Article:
The London Economic

The Response to Atrocity must be one of Progression

By James Clark

In the aftermath of the horrendous terrorists attacks in Paris in which over 100 lives were tragically lost it is understandable that restraint has once again become a difficult concept to maintain. Following Putin‘s step into the breach Western leaders will almost certainly begin to itch over whether, or perhaps when, it is to follow suit. The mandate for increased intervention, has now almost certainly been provided. Bombing and drone strikes are likely to be presented, perhaps even celebrated, through a multitude of equally questionable and deceiving grounds of argument varying from domestic security to humanitarianism and to any other rhetorical favourite that can be found in-between.

The dismal outcomes of military intervention in the Middle East; the vast destabilisation, the loss of innocent life but to name a few continue to remain very much on the side-lines when it comes to the political and foreign policy decision making process. Churned out once again into an approach of the hands clean and the quick fix will be the go to bombing and outsourced military campaigns; the tried, tested and failed measures that continue to chase the grotesque failings of the past.

Indeed, citing and relating the West‘s blunderbuss approaches from the past to the current isn‘t the most strenuous of tasks. The support of one‘s “enemies enemy” has continually proven to be folly, supporting a vague ally on the basis that they oppose a clear opponent at that moment of time has often done little more than to shunt an even greater issue into the near distant future. The less subtle approach, the good old “if you want something done do it yourself” course of action, the boots on the ground that successfully stamped out military opposition, came of course only at the mere cost of absolute destruction, destabilisation and mass civilian casualty.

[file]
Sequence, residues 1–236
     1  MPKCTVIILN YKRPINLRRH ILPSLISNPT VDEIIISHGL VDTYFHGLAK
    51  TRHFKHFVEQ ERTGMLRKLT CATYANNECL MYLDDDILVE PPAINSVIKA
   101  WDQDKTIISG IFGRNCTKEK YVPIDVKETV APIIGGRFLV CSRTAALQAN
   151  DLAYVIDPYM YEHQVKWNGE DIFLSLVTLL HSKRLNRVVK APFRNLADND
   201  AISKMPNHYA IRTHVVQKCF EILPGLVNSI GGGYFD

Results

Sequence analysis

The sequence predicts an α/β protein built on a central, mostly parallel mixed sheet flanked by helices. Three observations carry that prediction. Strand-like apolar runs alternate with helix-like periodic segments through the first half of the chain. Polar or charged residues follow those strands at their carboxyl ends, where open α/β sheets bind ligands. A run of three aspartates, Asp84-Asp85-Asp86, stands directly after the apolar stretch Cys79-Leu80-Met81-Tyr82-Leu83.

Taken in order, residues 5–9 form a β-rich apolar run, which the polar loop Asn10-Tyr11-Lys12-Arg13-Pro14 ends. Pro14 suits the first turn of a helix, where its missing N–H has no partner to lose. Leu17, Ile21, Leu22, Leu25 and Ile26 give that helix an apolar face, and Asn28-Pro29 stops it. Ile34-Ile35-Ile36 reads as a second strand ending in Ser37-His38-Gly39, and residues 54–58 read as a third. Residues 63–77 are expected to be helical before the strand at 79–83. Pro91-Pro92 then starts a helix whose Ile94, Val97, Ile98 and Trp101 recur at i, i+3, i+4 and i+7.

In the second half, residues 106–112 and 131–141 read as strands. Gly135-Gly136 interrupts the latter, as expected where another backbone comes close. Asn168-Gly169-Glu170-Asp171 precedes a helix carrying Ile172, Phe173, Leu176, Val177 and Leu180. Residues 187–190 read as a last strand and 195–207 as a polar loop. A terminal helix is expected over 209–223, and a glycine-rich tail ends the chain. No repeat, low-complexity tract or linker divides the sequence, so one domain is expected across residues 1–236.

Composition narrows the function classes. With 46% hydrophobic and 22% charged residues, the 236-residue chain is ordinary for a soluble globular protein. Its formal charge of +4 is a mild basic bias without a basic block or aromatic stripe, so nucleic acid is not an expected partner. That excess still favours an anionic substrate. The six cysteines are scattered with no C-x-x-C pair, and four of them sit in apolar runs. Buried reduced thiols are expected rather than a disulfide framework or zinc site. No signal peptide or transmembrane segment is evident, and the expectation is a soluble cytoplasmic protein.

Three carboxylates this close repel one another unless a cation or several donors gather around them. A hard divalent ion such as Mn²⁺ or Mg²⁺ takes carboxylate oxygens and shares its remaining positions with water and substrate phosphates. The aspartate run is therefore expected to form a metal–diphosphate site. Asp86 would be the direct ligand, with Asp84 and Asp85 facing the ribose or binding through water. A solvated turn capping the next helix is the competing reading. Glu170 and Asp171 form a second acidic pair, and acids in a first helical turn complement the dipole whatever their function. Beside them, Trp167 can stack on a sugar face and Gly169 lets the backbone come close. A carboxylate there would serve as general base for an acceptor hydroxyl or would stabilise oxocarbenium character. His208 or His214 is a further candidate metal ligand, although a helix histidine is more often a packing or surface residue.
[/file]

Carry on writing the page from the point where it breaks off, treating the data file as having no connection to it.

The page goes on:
Despite the plethora of empirical examples prescribing against such actions, power play and intervention continue to remain the West‘s first port of call in the Middle East. The pouring of arms and money behind groups who‘s true interests we barely understand, whether it be the Mujahedeen of yesterday or the Kurdish Paramilitaries of today, the support of one despot or the military removal of another, ensures that the source of strength for the next decades evil continues to directly originate from the futile attempts to crush the decades prior.

Forged from such questionable debates of moral relativity come both blunt solutions and dubious recipients of varying levels of support. When such a response is viewed within the context of centuries of bitter and ingrained cultural conflict, the worsened outcomes we witness surely become somewhat unsurprising to even the most vague of observers. The question expectedly raised from such a conclusion is equally evident, what path should be taken in place? The answer, the only credible first step to peace and regional stability, is an unrelenting drive for the raising of prosperity of a region which must be the first step to take in quashing the parasites that leech off of societies most despicable features.